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Brussels, 11 July 2001

Commission launches large scale state aid investigation into business taxation schemes

The European Commission decided today to launch aid investigations under Article 88(2) of the EC Treaty for 11 corporate tax schemes in 8 Member States. The Commission believes that these tax arrangements could constitute state aid and has doubts whether such aid would be compatible with the EC Treaty. In addition, the Commission invited 4 further Member States to put an end to existing fiscal advantages that are no longer justified following the economic changes of the EU single market.

In 1997, the EU's Council of Economy and Finance Ministers adopted a Code of conduct for direct business taxation with the objective of tackling harmful tax competition. On that occasion, the Commission committed itself to the strict application of the state aid rules. Further to this commitment , the Commission published in 1998 a notice on the application of State aid rules to measures relating to direct business taxation (OJ C 384 of 10.12.1998; see IP/98/983) stressing its determination to apply these rules rigorously in the respect of equality of treatment.

Commissioner Mario Monti declared: "I welcome the Member States' dedication to put an end to tax measures that are harmful within the European Union. The Commission firmly support this exercise in ensuring that the state aid rules are applied consistently and equally to all fiscal legislation. The current launch of investigations is the beginning of a longer-term exercise that will ensure that no tax measures in the EU are being used to support companies in a way that is incompatible with the single market. This exercise is by no means an interference with Member States' competence in tax matters. The Commission, as guardian of competition rules, must control State aid in the Community, whatever its form (grants, guarantees, preferential tax schemes, etc.). Member States themselves have repeatedly asked the Commission to fully exercise its role also in the area of fiscal state aid."

The present exercise concerns 15 tax provisions in 12 Member States and mainly focuses on preferential tax arrangements granted to multinational companies or to companies active in the insurance and financial sector.

11 measures are the object of a formal investigation procedure. The Commission has doubts whether the preferential tax arrangements granted exclusively to multinational companies, or to companies active in the financial services sector, comply with state aid rules, because they only seem to unjustifiably relieve beneficiaries of a part of their normal tax burden. Although some of these tax provisions were, or are about to be abolished, they benefited and may still benefit the recipients and have therefore to be investigated together with the other tax provisions that are continuing.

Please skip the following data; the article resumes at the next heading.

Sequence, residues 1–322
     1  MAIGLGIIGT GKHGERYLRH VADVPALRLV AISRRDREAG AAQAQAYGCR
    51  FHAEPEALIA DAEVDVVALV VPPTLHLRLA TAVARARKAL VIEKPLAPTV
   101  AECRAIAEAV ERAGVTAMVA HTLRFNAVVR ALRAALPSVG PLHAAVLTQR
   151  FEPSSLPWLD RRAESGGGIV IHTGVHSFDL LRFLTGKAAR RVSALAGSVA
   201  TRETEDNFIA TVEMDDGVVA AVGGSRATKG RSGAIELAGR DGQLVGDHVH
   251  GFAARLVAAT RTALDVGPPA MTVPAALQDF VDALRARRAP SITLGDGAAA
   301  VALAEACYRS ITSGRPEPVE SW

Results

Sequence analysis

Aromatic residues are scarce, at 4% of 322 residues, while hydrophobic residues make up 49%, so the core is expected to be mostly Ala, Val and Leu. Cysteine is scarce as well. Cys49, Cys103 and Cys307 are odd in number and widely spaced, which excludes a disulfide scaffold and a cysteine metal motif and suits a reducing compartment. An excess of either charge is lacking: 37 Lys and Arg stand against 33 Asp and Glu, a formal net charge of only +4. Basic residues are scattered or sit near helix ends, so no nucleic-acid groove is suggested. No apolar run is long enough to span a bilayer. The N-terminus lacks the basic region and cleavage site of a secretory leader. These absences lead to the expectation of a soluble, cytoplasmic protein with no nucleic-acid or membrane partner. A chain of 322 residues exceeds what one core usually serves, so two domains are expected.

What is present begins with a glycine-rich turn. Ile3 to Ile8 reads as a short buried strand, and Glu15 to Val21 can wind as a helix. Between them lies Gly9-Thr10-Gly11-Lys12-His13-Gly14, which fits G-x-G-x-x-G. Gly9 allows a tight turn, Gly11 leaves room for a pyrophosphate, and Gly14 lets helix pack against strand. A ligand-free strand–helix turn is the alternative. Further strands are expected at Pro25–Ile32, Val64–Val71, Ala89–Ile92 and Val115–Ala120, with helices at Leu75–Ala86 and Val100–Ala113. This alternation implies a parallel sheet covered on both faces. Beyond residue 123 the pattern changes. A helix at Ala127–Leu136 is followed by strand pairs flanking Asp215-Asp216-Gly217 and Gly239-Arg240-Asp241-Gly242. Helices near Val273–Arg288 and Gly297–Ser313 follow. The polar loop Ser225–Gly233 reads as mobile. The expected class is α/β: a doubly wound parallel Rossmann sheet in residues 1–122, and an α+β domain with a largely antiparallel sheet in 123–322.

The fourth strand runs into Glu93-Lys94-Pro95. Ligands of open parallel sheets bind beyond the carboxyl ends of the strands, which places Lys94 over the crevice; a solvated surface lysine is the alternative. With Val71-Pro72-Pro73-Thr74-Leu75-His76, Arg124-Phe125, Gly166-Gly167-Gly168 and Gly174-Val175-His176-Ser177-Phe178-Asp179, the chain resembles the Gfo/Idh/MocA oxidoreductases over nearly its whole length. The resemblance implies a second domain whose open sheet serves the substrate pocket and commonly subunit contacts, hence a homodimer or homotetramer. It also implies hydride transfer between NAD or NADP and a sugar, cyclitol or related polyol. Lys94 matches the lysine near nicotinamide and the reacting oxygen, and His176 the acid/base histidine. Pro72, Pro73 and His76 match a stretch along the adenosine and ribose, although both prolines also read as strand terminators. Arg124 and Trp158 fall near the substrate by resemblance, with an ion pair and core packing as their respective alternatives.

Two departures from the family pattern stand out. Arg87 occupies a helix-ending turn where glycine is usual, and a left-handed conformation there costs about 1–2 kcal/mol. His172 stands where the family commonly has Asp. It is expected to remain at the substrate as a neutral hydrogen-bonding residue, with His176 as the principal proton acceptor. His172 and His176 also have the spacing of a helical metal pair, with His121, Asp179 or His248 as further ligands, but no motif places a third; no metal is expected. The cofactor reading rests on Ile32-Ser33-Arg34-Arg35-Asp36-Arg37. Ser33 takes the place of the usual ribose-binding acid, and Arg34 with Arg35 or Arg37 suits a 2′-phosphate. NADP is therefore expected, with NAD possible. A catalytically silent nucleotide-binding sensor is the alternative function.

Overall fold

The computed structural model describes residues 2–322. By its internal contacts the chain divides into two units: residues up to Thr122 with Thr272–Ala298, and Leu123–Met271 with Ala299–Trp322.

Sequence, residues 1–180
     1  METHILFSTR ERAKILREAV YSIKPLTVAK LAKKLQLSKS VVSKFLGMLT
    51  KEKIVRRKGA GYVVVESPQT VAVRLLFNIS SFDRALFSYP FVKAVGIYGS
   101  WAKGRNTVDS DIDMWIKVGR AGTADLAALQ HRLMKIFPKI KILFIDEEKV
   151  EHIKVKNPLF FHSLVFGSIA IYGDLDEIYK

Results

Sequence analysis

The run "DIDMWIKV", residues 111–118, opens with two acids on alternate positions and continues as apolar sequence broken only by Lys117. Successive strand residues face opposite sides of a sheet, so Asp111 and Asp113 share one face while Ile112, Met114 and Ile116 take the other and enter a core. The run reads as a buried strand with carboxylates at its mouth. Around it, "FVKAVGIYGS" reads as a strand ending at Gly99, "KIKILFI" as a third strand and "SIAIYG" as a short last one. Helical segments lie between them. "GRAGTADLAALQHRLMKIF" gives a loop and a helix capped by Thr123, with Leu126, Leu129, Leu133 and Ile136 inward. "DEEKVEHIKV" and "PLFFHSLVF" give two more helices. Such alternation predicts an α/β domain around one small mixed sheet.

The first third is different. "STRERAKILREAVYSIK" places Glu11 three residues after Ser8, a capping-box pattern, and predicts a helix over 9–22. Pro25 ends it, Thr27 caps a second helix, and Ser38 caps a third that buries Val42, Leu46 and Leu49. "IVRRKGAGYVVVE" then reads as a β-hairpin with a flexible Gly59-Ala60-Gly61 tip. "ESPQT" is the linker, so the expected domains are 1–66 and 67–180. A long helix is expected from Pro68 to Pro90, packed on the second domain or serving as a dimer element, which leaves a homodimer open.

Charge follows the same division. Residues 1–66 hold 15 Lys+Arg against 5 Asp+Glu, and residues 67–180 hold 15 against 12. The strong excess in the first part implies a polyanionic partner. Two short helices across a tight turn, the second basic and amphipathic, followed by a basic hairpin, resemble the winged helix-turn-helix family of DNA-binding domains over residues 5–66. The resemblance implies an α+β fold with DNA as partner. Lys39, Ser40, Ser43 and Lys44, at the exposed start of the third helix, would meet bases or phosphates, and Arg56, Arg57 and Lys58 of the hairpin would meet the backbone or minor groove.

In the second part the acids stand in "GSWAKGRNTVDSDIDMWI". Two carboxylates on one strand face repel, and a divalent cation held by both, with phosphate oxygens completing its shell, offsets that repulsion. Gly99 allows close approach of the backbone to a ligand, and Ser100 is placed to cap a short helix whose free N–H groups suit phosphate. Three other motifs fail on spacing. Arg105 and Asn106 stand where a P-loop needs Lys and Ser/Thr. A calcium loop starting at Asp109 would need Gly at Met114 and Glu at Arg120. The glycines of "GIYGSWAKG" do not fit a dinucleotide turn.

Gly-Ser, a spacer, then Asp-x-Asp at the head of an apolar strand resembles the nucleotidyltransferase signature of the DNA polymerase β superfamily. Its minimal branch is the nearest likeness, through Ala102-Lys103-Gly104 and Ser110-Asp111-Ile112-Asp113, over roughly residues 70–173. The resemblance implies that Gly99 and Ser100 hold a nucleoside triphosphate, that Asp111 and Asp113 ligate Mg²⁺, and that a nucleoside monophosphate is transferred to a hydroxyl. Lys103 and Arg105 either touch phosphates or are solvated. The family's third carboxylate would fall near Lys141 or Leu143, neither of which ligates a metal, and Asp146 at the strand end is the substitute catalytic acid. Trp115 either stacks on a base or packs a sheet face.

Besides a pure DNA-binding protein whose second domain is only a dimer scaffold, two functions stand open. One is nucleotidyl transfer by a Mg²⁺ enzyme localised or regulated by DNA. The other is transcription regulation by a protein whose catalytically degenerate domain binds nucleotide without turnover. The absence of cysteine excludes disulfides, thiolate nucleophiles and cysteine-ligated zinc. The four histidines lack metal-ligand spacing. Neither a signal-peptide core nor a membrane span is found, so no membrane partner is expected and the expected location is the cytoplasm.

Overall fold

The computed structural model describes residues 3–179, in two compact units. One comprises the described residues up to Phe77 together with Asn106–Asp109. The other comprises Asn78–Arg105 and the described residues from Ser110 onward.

It should be noted that the launch of a formal state aid investigation does not prejudge its eventual outcome but allows for a thorough and also transparent examination: A description of the aid is published in the Official Journal and interested third parties are invited to comment. At the end of the inquiry, the Commission adopts a final decision. This may be either positive (aid can continue to be implemented), negative (aid can no more be implemented and, in case it has already been paid, may have to be recovered from the beneficiaries) or positive subject to stated conditions.

In 4 further cases, the Commission proposes that the Member States concerned put the tax provisions in conformity with the EC rules. These four measures were either already in force before the accession to the European Union, or were in the past declared by the Commission as not being state aid or being compatible with the EU rules and are now, due to the evolution of the Common market, considered as non compatible state aid. Member States have now to decide whether they can agree to the Commission's proposals. If they refuse, the Commission will then have to open, also for these four tax provisions, the formal investigation procedure.

As the scrutiny of existing or planned tax legislation continues, case by case, the launch of further formal state aid investigations and proposals for bringing existing schemes into line with the Treaty cannot be excluded.

Finally, it is also worth noting that state aid investigation in the field of tax measures do not constitute a new domain of activity for the Commission. As a matter of fact, the Commission scrutinises all forms of state aid, be it fiscal or other. .


Tax provision for which the Commission has decided to open the formal State aid investigation procedure:

    Germany     Special Fiscal Regime for Control and Co-ordination Centres of Foreign Companies

Spain      Special Fiscal Regime for Bizkaia Co-ordination Centres

France     Headquarters and Logistics Centres Regime

       Régime des Centrales de trésorerie

Ireland     Tax exemption on Foreign Income

Luxembourg   Co-ordination Centres Regime

       Finance Companies Regime

The Netherlands  Special Fiscal Regime for International Financing Activities

Finland     Åland Island Captive Insurance Regime

United Kingdom  Gibraltar Qualifying Offshore Companies Rules

       Gibraltar Exempt Offshore Companies Rules

Tax provisions for which the Commission is proposing Member States appropriate measures in order to put an end to their incompatibility with state aid rules:

Belgium     Fiscal regime of Co-ordination Centres

Greece     Fiscal regime for offices of Foreign Companies

    Italy      Tax incentives linked to the Trieste Financial Services and Insurance Centre

Sweden     Foreign Insurance Companies Taxation Regime

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